As my readers know, I am an aficionado of junk, a “junkionado” if you will. On the last weekend every September, I journey with my faithful friend, Kim, across 300 miles of garage sales and flea markets in central Nebraska’s now famous annual event, the Junk Jaunt.
This was our fifth year attending the Jaunt, and experience has taught us it’s never the same sale twice. In fact, every year, a new theme seems to emerge. For example, 2013 was the year of the neck mirror. Every sale we hit had a neck mirror there, no lie! In 2012 we found rabbit cages at almost every stop. Weird, huh?
Note: The 2015 Junk Jaunt is Sept. 25-27, 2015
What theme will emerge this year?
As you can imagine, we couldn’t wait to see what theme emerged this year. After our third stop, the answer was crystal clear. (Actually, it was dirt-caked and cloudy.)
Thanks to Pinterest, old windows were the hot item of the 2014 Junk Jaunt. Everywhere we went, gaggles of ladies craned over their smart phones searching for ideas on how to use these discarded lead-paint relics. They even gave it a name: Primitive Décor. After eavesdropping on two particularly enthusiastic women, I decided to give it a try myself. I bargained the seller down to $6, lugged it home, and promptly forgot about it … that is until the Christmas craft shows started popping up. And glory be! Decorated old windows were everywhere.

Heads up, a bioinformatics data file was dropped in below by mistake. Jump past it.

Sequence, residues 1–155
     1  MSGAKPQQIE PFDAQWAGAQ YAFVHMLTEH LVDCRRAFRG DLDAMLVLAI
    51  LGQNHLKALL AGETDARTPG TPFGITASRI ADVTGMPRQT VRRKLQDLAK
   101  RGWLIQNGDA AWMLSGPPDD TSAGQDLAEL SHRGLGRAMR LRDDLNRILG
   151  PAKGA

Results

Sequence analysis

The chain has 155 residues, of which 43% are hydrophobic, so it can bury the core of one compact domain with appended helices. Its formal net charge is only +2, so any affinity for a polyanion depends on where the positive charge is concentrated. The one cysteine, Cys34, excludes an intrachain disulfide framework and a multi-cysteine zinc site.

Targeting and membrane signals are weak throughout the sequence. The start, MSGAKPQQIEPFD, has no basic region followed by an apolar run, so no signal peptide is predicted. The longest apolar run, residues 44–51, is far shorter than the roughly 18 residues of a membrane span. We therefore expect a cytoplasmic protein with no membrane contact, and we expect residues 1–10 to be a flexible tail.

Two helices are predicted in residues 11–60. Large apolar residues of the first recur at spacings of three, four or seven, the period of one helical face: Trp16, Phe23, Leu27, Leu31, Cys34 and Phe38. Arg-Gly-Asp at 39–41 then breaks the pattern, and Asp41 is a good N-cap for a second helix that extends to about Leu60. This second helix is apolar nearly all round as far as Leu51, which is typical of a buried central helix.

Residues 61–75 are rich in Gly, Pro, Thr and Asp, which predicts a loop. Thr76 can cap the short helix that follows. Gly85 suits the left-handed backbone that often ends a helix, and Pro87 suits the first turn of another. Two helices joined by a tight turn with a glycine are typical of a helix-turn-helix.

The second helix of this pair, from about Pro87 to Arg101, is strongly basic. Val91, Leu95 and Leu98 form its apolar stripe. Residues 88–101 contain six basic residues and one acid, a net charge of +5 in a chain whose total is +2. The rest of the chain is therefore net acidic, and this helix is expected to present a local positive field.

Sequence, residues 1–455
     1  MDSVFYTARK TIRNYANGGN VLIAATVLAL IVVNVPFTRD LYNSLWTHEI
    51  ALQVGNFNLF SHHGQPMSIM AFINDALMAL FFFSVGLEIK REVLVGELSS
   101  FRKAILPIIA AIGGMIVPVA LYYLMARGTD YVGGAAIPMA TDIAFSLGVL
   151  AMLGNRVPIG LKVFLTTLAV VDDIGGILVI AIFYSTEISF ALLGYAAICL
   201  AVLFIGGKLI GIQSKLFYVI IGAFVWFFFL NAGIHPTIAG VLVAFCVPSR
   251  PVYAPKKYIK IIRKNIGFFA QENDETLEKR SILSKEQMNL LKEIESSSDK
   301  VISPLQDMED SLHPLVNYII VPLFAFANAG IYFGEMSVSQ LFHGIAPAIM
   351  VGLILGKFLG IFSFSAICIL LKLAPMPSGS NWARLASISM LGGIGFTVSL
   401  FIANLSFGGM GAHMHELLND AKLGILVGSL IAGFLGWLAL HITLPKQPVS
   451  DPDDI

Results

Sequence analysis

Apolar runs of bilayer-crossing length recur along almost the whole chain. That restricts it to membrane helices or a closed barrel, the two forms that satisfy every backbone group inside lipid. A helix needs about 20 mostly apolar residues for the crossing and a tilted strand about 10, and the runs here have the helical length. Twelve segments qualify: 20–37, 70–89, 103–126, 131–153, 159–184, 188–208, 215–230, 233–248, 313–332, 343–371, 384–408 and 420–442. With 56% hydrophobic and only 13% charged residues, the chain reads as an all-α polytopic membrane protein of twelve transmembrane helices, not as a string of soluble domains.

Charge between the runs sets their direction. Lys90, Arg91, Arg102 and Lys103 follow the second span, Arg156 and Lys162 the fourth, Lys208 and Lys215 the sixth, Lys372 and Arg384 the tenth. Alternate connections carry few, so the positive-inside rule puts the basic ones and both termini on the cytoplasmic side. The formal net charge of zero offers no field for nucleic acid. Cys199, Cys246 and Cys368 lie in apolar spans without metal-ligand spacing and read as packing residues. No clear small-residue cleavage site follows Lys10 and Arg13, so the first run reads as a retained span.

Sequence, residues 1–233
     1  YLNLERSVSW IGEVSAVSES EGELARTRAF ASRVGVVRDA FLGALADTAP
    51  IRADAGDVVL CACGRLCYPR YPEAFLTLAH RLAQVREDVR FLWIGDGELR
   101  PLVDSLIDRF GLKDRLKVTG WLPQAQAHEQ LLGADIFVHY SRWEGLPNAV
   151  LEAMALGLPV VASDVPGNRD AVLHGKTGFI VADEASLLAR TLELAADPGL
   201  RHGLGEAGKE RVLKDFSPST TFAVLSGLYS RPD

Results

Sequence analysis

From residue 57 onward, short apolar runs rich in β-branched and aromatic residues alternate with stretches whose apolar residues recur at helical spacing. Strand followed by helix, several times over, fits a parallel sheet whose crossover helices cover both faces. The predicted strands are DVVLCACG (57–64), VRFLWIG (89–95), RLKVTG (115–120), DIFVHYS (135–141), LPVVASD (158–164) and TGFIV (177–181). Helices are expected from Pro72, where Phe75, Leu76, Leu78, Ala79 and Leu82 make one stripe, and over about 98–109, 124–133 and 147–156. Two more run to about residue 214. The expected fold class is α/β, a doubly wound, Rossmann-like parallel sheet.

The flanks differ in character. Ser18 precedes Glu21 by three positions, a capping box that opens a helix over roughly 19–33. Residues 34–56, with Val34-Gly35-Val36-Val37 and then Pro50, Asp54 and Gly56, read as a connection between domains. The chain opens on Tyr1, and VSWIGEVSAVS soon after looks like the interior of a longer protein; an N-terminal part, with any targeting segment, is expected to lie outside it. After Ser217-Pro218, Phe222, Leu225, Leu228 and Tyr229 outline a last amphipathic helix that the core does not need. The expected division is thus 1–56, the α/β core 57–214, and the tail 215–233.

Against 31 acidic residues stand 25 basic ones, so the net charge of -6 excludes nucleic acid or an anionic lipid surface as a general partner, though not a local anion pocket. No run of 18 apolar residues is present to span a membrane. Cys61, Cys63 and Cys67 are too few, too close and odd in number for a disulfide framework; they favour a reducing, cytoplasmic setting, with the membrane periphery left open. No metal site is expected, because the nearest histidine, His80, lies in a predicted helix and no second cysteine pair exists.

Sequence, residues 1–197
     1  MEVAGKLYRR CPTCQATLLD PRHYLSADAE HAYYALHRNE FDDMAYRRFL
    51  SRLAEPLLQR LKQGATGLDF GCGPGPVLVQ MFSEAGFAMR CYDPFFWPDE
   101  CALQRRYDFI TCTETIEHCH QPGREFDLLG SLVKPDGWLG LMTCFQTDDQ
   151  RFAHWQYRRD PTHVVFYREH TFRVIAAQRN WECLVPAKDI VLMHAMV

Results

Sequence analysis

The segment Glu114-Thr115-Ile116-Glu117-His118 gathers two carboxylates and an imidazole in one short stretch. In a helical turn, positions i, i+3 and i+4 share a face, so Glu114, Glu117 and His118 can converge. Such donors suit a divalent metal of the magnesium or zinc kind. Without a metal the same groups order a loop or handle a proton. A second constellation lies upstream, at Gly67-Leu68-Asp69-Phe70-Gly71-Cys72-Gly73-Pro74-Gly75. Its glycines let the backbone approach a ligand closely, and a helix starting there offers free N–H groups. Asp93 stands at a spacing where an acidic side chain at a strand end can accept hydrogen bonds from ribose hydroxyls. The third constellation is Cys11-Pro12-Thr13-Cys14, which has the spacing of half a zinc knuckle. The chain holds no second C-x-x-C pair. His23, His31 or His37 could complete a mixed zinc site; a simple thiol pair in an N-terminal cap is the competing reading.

Beauty shines through
Most of the windows I saw were beautifully hand painted in the spirit of Thomas Kinkaid, a skill light years beyond my talents. However, when God closes a door, he opens a window (pun intended) so I went with my own God-given talents of thriftiness and shopping, and created an awesome Christmas display for less than ten bucks. Behold!
The materials: Old window: $6. Gift box from Dollar General: $0.50. Snow paint, also from Dollar General: $1.75. Total cost: $8.25! I may not be artistic, but I’ve been through enough Nebraska winters to know what snow on a window looks like. In less than ten minutes, I cut out Santa, taped him to the back of the window, flipped it over, and sprayed canned snow on it. Then I dug out some greenery from a box in the basement and voila, instant Christmas classic!
It was a hit!
My family loved my easymake craft, however I learned one thing about cheap canned snow … it dries and cracks. If you’re going to try something like this, I’d get good quality canned snow or even go with white tempera paint. If you mix the tempera paint with a little dish soap, it will wash off after the Christmas season and you can reuse the window for something else.
Here are some more old windows that other crafty people repurposed for Christmas.
Merry Christmas everyone. Make it a crafty one!